Recent advances in silicon nanophotonics, including demonstrations of ultracompact modulators, germanium waveguide photodetectors and wavelength-division multiplexers, indicate the feasibility of on-chip optical interconnects integrated with multicore microprocessors. Studies have suggested that direct replacement of part or all of the electrical interconnect wiring with point-to-point optical links may not provide sufficient power savings to make this approach attractive to chip designers. However, if high-bandwidth optical signals can be switched and routed using an on-chip silicon nanophotonic interconnection network, significant performance gains can be expected. Here we show an ultracompact (40 × 12 νm2) wavelength-insensitive switch based on cascaded silicon microring resonators, which may bring this vision closer to reality by serving as a critical basic element for scalable on-chip optical networks. Fast (< 2 ns) error-free (bit error rate < 1 ×10 -12) switching of multiple (up to 9) 40-Gbit s-1 optical channels is demonstrated in a temperature-insensitive (±15°C) device.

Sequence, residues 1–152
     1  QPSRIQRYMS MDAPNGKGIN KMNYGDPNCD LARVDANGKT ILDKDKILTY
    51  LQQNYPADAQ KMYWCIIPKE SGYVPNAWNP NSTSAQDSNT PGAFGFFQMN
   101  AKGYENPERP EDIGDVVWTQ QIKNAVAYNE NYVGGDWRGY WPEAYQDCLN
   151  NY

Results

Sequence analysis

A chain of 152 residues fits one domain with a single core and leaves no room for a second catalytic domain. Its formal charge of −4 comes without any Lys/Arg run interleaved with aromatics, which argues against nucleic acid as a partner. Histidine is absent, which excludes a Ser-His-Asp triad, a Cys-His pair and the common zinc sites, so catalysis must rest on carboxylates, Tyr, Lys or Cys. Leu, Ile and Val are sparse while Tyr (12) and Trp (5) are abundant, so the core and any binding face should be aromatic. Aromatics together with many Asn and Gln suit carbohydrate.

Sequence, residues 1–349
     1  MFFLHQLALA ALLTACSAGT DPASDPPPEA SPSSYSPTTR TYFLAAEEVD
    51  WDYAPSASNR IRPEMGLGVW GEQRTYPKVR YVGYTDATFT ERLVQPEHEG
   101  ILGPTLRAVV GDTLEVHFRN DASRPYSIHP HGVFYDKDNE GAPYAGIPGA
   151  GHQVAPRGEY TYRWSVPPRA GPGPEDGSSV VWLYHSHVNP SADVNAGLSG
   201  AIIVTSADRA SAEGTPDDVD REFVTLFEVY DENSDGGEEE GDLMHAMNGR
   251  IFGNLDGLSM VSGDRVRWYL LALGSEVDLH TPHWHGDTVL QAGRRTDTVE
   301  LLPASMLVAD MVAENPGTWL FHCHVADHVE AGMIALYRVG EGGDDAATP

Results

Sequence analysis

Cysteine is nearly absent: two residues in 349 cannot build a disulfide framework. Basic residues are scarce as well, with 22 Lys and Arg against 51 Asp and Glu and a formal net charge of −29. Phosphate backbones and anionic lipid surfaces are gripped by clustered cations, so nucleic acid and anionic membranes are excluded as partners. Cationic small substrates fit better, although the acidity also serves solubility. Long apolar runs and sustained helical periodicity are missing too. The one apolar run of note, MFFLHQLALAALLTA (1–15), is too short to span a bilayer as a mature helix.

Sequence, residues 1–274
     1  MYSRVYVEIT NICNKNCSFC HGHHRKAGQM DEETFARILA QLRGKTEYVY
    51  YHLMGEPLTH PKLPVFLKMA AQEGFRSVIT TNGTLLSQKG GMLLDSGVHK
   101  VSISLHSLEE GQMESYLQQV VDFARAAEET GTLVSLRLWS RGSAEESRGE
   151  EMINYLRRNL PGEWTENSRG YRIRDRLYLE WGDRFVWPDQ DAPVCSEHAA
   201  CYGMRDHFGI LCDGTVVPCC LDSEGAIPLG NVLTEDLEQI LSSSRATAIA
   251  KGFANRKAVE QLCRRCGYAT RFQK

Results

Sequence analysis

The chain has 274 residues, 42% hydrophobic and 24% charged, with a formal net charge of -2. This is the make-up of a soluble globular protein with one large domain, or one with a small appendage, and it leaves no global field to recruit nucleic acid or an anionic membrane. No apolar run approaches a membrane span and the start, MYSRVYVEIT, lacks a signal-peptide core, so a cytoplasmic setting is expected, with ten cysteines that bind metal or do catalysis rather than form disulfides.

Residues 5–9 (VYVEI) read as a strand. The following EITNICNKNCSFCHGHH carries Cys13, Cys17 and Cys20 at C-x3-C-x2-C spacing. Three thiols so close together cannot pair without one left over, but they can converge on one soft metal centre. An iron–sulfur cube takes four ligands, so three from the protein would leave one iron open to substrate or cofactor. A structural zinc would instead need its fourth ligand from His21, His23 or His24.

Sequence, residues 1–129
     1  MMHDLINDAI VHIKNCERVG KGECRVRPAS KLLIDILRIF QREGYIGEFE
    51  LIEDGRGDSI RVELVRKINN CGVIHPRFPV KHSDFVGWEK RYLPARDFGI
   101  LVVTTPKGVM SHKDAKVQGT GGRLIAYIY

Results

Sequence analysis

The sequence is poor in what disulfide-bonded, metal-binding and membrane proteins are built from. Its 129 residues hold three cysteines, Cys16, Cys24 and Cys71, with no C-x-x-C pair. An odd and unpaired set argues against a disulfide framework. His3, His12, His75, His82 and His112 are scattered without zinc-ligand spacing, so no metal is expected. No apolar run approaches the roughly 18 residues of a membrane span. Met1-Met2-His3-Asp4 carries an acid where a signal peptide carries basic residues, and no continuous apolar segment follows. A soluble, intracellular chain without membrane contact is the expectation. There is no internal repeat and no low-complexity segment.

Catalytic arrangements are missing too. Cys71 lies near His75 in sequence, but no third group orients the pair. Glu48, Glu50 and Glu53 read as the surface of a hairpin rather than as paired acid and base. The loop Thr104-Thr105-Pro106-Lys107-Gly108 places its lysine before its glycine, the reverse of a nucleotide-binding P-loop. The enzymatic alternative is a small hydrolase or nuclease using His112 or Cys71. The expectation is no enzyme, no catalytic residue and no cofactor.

|Original language||English (US)|
|Number of pages||5|
|State||Published - Apr 2008|
ASJC Scopus subject areas
- Electronic, Optical and Magnetic Materials
- Atomic and Molecular Physics, and Optics